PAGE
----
Weakness or paralysis of the facial muscles on one side of the face due to damage to one of the facial nerves
The facial nerve controls the muscles of expression and emotion in the face and carries taste sensations from the front of the tongue to the brain. In facial palsy, one of the two facial nerves is damaged, compressed, or inflamed, and this results in weakness of the facial muscles, causing the eyelid and corner of the mouth to droop on one side of the face. People with facial palsy are often concerned that they have had a stroke, but this is unlikely if only the face is affected because a stroke is usually also associated with muscle weakness in other parts of the body.
Facial palsy is usually temporary, but a full recovery may take several months. The disorder affects about 1 in 4,000 people in the UK each year.
The most common form of facial palsy is Bell’s palsy, which in most cases is thought to arise as a result of infection with the herpes simplex virus, the virus that causes cold sores. In other types of facial palsy, causes of facial nerve damage include the viral infection shingles (see Herpes zoster) and the bacterial infection Lyme disease. In addition, the facial nerve sometimes becomes inflamed as a result of a middle-ear infection (see Otitis media). In rare cases, the facial nerve may be compressed by a tumour called an acoustic neuroma. Facial palsy can also result from injury or from damage to the nerve from a tumour of the parotid salivary gland.
In some cases, such as in Bell’s palsy, the symptoms of facial palsy appear suddenly over about 24 hours. In other cases, including facial palsy caused by an acoustic neuroma, symptoms may develop slowly. The symptoms include:
Partial or complete paralysis of the muscles on one side of the face.
Pain behind the ear on the affected side of the face.
Drooping of the corner of the mouth, sometimes associated with drooling.
Inability to close the eyelid on the affected side and watering of the eye.
Impairment of taste.
If facial palsy is very severe, you may have difficulty in speaking and eating, and, occasionally, sounds may seem unnaturally loud in the ear on the affected side. If the eyelid cannot be closed, the eye may become infected, leading to ulceration of the cornea, the transparent front part of the eye. In facial palsy due to shingles, you will also have a rash of crusting blisters on your ear.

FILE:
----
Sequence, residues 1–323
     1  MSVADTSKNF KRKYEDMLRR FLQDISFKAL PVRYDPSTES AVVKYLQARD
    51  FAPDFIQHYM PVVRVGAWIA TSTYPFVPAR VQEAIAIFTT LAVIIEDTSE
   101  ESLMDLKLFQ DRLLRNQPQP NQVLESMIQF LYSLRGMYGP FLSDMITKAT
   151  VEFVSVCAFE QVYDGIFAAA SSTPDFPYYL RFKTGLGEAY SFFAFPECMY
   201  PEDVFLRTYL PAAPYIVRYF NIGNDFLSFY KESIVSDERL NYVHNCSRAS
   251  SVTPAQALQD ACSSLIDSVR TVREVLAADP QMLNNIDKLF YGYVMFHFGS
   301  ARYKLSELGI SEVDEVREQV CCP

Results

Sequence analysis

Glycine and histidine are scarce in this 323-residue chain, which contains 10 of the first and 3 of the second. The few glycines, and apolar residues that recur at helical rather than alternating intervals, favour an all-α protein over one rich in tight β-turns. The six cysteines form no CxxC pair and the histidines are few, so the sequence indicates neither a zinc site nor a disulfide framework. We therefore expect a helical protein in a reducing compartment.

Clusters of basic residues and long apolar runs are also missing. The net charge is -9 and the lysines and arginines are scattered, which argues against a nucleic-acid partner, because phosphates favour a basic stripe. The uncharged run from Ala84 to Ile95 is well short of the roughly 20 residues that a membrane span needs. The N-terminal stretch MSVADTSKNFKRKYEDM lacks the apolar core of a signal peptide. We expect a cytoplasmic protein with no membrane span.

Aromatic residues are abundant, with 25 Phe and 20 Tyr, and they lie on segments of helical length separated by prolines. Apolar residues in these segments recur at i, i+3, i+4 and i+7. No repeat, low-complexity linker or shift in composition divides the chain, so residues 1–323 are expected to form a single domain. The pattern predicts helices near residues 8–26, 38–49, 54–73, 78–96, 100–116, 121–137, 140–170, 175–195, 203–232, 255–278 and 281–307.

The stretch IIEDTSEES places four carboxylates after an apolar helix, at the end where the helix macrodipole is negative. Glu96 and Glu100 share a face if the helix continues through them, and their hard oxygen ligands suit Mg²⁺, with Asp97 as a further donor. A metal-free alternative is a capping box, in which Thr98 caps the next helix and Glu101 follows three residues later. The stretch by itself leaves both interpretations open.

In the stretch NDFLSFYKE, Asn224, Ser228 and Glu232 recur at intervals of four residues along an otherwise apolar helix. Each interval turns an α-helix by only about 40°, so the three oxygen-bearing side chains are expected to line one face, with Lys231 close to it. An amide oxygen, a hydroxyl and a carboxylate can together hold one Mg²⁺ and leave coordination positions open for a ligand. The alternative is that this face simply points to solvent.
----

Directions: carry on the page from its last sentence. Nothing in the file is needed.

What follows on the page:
Your doctor will probably be able to diagnose facial palsy from your symptoms alone. A rapid onset over about 24 hours suggests Bell’s palsy. Symptoms that develop more slowly usually indicate another cause.
If your doctor suspects a tumour may be compressing the facial nerve, he or she may arrange for you to have CT scanning or MRI. Nerve and muscle electrical tests may also be arranged to assess nerve damage. If you live in a part of the UK where Lyme disease is common, you may have a blood test to look for evidence of this disorder.
If your symptoms have appeared in the last 48 hours, your doctor may prescribe corticosteroids for up to 2 weeks to reduce inflammation of the nerve, and an antiviral drug such as aciclovir. He or she may also recommend that you take painkillers. To prevent damage to the cornea, you may be given artificial tears (see Drugs acting on the eye), and you will probably be advised to tape the affected eye shut when you go to sleep.
Bell’s palsy usually clears up without further treatment. For other types of facial palsy, the underlying cause will be treated, if possible. For example, if it is due to shingles, aciclovir or another antiviral drug will be prescribed. To be effective, treatment with aciclovir should begin as soon as the rash appears. If you have an acoustic neuroma, it will be removed surgically to relieve compression of the facial nerve.
If muscle paralysis persists, surgery may be used to graft nerve tissue or reroute another nerve to the face. Facial exercises or massage may help to maintain tone (see Physiotherapy).
With appropriate treatment, facial palsy usually improves within about 2 weeks. However, a full recovery may take up to about 12 months. Some people are left with residual weakness.
From the 2010 revision of the Complete Home Medical Guide © Dorling Kindersley Limited.